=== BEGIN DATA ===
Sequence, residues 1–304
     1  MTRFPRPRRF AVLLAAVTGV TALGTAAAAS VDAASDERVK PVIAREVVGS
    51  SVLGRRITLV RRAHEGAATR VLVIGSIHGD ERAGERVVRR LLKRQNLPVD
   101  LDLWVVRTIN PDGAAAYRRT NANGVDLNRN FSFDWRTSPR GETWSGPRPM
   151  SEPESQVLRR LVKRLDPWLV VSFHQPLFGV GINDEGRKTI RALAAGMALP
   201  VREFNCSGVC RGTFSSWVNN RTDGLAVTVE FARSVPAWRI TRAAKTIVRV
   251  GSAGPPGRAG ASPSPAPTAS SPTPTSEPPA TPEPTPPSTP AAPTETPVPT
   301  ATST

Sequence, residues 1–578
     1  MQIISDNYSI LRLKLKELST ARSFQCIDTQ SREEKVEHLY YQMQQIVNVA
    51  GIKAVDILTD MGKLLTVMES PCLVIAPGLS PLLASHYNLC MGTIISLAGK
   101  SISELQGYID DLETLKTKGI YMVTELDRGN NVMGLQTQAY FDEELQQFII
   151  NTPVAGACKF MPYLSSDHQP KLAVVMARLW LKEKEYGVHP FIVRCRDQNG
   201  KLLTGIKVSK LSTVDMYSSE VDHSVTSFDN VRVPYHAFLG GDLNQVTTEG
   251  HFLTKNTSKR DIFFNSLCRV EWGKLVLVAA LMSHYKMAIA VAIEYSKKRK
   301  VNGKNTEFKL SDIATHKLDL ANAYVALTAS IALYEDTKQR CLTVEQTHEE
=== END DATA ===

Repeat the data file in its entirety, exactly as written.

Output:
Sequence, residues 1–304
     1  MTRFPRPRRF AVLLAAVTGV TALGTAAAAS VDAASDERVK PVIAREVVGS
    51  SVLGRRITLV RRAHEGAATR VLVIGSIHGD ERAGERVVRR LLKRQNLPVD
   101  LDLWVVRTIN PDGAAAYRRT NANGVDLNRN FSFDWRTSPR GETWSGPRPM
   151  SEPESQVLRR LVKRLDPWLV VSFHQPLFGV GINDEGRKTI RALAAGMALP
   201  VREFNCSGVC RGTFSSWVNN RTDGLAVTVE FARSVPAWRI TRAAKTIVRV
   251  GSAGPPGRAG ASPSPAPTAS SPTPTSEPPA TPEPTPPSTP AAPTETPVPT
   301  ATST

Sequence, residues 1–578
     1  MQIISDNYSI LRLKLKELST ARSFQCIDTQ SREEKVEHLY YQMQQIVNVA
    51  GIKAVDILTD MGKLLTVMES PCLVIAPGLS PLLASHYNLC MGTIISLAGK
   101  SISELQGYID DLETLKTKGI YMVTELDRGN NVMGLQTQAY FDEELQQFII
   151  NTPVAGACKF MPYLSSDHQP KLAVVMARLW LKEKEYGVHP FIVRCRDQNG
   201  KLLTGIKVSK LSTVDMYSSE VDHSVTSFDN VRVPYHAFLG GDLNQVTTEG
   251  HFLTKNTSKR DIFFNSLCRV EWGKLVLVAA LMSHYKMAIA VAIEYSKKRK
   301  VNGKNTEFKL SDIATHKLDL ANAYVALTAS IALYEDTKQR CLTVEQTHEE